Elegant Ideas for Selling More Edibles
Edibles are one of the hottest topics in retail garden centers these days for the under 35 crowd. They understand the value of teaching their kids about eating fruits and veggies and tend to be more open to going out of their way for buying organics and caring for the environment.
Those who are older with an interest toward “dabbling” at adding edibles to the landscape or growing things with the grandkids are adding to the expanding numbers we’re seeing in this sector of the gardening world these days.
However, there are several outdated notions that still hold both the retailers and the customers back from truly going for it with edibles the way we know they can successfully. So, let’s look at these issues and how you can sell more as a trusted resource for all things tasty from the garden.
First are these assumptions from our customers:
- Edibles should be segregated behind a gate or wall in the “garden” so no one can see the “mess.”
- Anything worth eating is going to take too much time and effort, except my prized tomatoes.
- I don’t know anything about growing food, so learning will be too time consuming and cumbersome.
- I’ve had failures at growing things in the past, so I gave up.
Second are the assumptions I see retailers make:
- All “edibles” should be segregated into one area away from the “pretty plants.”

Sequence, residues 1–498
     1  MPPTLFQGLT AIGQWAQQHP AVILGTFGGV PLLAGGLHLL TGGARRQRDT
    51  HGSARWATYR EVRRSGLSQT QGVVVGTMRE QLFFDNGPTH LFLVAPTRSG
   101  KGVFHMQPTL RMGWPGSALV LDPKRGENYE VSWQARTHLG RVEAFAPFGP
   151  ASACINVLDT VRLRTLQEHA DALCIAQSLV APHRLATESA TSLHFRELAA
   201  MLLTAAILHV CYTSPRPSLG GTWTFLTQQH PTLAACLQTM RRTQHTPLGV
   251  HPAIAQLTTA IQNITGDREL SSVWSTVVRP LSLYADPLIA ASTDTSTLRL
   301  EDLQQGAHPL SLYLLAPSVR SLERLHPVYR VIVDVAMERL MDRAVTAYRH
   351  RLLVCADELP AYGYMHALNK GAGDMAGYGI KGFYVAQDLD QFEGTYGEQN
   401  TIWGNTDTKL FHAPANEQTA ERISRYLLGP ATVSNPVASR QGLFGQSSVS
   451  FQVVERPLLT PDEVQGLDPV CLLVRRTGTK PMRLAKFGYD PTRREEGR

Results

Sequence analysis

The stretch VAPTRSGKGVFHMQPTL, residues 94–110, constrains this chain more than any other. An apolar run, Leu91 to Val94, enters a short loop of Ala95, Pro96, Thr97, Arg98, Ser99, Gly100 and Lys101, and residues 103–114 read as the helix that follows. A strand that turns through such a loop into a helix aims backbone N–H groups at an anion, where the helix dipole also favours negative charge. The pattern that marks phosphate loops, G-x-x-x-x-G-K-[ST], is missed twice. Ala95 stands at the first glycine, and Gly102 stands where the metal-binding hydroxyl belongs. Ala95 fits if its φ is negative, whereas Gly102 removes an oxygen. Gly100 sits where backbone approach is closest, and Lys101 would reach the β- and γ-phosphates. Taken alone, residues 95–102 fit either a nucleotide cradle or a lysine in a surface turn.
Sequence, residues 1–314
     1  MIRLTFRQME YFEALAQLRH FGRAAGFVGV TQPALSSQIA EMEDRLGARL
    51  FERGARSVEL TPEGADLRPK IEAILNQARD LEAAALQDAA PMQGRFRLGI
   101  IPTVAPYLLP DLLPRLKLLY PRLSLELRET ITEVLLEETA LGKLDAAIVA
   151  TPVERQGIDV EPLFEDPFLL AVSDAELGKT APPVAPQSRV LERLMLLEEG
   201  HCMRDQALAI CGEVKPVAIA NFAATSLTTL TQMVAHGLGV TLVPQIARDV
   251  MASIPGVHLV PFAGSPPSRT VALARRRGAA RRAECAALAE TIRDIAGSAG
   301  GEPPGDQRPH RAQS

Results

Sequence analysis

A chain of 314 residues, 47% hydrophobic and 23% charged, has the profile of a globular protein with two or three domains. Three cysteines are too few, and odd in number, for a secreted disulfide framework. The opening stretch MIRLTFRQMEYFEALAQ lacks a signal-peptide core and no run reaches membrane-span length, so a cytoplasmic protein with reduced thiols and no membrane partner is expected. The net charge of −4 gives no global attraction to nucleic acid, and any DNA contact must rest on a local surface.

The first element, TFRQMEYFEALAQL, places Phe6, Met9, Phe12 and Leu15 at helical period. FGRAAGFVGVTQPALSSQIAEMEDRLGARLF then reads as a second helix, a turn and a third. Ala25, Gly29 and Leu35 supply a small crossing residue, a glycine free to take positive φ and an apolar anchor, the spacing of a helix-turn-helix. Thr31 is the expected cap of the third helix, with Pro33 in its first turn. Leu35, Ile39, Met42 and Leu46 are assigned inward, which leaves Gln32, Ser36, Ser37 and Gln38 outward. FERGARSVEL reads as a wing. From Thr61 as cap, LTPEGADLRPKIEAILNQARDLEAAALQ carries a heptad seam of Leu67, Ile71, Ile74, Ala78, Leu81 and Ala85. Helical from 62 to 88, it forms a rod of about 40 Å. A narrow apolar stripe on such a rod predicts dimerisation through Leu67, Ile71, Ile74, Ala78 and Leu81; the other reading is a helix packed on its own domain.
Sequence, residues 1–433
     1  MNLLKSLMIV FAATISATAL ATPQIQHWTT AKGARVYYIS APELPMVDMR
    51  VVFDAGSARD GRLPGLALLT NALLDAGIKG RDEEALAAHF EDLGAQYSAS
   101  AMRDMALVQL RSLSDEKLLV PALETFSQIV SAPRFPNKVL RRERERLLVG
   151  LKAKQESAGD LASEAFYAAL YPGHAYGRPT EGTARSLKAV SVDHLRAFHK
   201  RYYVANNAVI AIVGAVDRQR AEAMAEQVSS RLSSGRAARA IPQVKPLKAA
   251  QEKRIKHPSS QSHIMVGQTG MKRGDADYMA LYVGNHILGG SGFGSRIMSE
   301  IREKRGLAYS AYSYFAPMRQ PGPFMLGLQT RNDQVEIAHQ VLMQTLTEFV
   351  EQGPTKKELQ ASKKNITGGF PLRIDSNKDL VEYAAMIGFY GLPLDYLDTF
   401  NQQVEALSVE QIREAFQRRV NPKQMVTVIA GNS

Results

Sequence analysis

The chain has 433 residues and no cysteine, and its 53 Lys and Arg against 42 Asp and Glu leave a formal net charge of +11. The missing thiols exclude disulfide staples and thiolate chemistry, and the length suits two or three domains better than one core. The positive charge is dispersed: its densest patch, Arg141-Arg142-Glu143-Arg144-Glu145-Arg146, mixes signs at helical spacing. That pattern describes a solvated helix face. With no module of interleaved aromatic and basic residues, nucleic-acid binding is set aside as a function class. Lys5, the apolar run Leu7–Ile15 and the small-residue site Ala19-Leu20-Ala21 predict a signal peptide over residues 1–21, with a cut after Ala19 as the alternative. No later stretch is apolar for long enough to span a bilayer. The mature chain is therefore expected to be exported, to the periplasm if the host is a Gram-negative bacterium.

- Customers aren’t interested in the unique and unusual edibles, only the standards.
- More customers say they want to grow edibles, but the numbers just don’t bear that out.
- Poor attendance at seminars and classes on growing edibles has soured interest.
Secrets to Success
There are garden centers all over the country that are having booming success with selling edibles, promoting classes and getting gardeners of all ages to participate. They are even supporting small farmers markets and CSA programs as an offshoot of the nursery itself. So, what are the secrets to success that they have found?
They are selling health, organic eating, great flavors, cocktails, recipes, life skills, food preserving, relationship building, mental health, food donations, gifts from the garden, seed saving, eating locally, community pride, wildlife preservation and on and on and on.
They’re not just plunking plants down in old- fashioned rows; they’re selling ideas. They are creating a feeling that they want to convey. They are growing a community of gardeners rather than just selling a pack of lettuce; they are selling a pack of lettuce and pots of violas to go with them. They are selling ideas.
For example, if you are in a hot climate where peppers thrive, play that up with unique and unusual peppers that your customers won’t find anywhere else. Become the go-to source with the gardening community for peppers. Have a hot pepper eating contest, a recipe contest using a particular pepper and then a celebrity tasting to crown the winner. Then you introduce your next year’s new pepper selection to get the crowd all riled up and ready to go for the next season. Or maybe you involve the customers and let them vote on options for the next season.